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Dog Winter Gear: Does Your Dog Need to Bundle Up?

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Longhaired Dachshund dog red color runs with the ball in his mouth with the snow

Guess what, folks! It’s getting cold! Winter is slowly wrapping it’s frigid fingers around us here in the north east. I know I’m not ready, is your dog winter ready? Believe it or not, but all dogs weren’t made to handle to colder climates and need a little help to get them through. Dog winter gear, jackets, hats, and boots, have become more and more advance and you can now find them to fit all sizes of dog. So, how do you know if your dog needs to bundle up or not?

I’ve probably mentioned this a few times, but our family owns golden retrievers, three actually. Our dogs absolutely adore the winter! They love playing in the snow, rolling around, digging, having a snowball war. If it involves snow they are down! And that’s great when they’re young, but I have found as they get older, they get cold too.

Lily was our last older dog. Sadly, we had to put her down last August. She couldn’t walk anymore because of an old ACL injury which had finally caught up with her. She loved winter the most out of everyone, I think. But as she got older, even though she still had a thick coat of fur, she would start shivering. I’m a wimp when it comes to the cold, so we never stay out long, maybe 10 minutes at a time. That is NOTHING to a double coated dog breed normally, but she just couldn’t take the cold anymore.

How Do You Know Your Dog Is Cold?

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Dogs don’t like to show weakness, so you have to read subtle body ques. While you’re out romping in the snow keep checking the temperature of your pup’s ears. As your dog gets colder their body is working hard to maintain temperature, to do this the blood is concentrated away from the extremities. The ears are not only removed from the rest of the body, but they lack fat reserves for insulation making them a great indicator of your dogs condition in the cold. Other signs that your dog is getting cold are shivering, trembling, or picking up their feet funny.

Dogs That Need Winter Protection

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Not every dog has the built in cozy coat of a husky. As I said earlier, some dogs handle the cold worse than others. Here are some specifics to consider when deciding if your dog needs a little winter help.

  • Small dogs aren’t able to generate and maintain the body heat needed to stay warm.
  • Short-legged breeds, like basset hounds and corgis, have bodies that lay closer to the ground. Their body heat is literally absorbed quicker by the cold ground, it’s actually the 2nd law of thermodynamics, heat flows from a warm body to a cold, it’s why ice melts and why these breeds get colder faster.
  • Lean body breeds, like greyhounds, whippets, and even pitbulls, don’t have the fat reserves to insulate against the heat loss.
  • Clipped dogs that naturally have a long thick coat, think poodles, have lost their natural cold barrier and will need a little help to stay comfortable during the cold outings.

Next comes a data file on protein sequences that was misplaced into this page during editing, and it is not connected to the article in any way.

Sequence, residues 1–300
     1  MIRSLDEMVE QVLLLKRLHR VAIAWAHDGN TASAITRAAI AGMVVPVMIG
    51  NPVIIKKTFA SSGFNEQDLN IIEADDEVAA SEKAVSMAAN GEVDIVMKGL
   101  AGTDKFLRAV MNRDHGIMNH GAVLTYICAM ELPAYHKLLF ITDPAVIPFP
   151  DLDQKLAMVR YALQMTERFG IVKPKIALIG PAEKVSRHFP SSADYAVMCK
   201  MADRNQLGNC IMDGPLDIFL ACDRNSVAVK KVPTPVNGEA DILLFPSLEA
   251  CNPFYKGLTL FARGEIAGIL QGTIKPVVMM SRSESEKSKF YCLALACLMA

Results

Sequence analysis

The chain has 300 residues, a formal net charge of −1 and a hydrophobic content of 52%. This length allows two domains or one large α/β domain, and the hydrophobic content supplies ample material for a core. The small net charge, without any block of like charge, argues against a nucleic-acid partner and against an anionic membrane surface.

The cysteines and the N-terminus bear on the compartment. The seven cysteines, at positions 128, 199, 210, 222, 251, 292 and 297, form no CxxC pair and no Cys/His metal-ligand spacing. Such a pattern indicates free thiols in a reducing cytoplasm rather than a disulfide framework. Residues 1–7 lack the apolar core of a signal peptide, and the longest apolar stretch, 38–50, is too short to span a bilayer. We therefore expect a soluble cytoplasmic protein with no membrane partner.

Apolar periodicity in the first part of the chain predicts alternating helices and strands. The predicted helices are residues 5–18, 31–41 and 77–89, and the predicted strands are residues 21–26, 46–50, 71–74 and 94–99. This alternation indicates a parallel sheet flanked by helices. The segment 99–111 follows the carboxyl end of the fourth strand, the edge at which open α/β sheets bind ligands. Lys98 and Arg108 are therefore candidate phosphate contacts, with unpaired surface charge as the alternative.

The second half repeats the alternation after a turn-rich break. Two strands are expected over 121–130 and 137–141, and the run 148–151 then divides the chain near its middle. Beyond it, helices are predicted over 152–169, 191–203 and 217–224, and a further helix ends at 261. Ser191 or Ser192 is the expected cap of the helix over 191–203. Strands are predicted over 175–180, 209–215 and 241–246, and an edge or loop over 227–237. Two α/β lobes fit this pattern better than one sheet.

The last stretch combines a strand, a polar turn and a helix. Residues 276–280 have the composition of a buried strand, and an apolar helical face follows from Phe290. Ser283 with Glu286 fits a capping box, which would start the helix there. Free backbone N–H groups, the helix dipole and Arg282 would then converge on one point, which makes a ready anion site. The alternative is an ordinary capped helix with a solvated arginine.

• Senior dogs, like our Lily, don’t regulate their temperature as well as they did when they were young. It’s just a fact of getting older, your body doesn’t work like it used to. Because of this a little helping hand will keep them more comfortable on their winter walks.
  • Heavy coated breeds can get ice build up on their furry feet so they either need to be kept trimmed or use boots for protection.

Winter Gear to Keep Your Dog Warm

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“Golden retriever decked out in winter gear. Snow boots to keep his paws dry, back pack to carry essentials and halti gentle leader on his face. Taken on the prairies in Manitoba Canada.”

You wouldn’t go play in the snow without your winter jacket, hat, or boots (Well, my husband might). Unless you have a furry monster, like a husky, your dog shouldn’t either. A jacket will keep his core insulated and warmer, a hat will protect ears from chill, and boots will help prevent ice balls accumulating between his poor little toes.

Choosing Winter Gear

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Function Over Fashion

There is always a strong distinction between performance and fashion. You always want to err on the side of performance to keep your dog warm. Many of the bells and whistles on the fashion coats actually pose a potential injury risk to your pup. Dangly strings, zippers, buttons, even those cute pompom balls can cause your dog to choke or get hung up on objects outside.

Perfect Performance

Proper winter gear for your dog needs to provide warmth and protection from the elements. Materials like cotton or wool are better insulters keeping your pooch warmer. You don’t want any of the gear to absorb moisture while your dog rolls or is snowed on, so a waterproof exterior is important. A jacket should cover him from the base of his neck to his tail, but not interfere with the potty process. It goes without saying, but winter jackets should protect the belly as well.

Should your dog bundle up for the winter? If he gets cold easily, the answer is a resounding YES! Outside play is just as important to keeping your dogs conditioning as summer play. So, you most definitely want him to be as comfortable as possible while he’s outside playing or doing his business.

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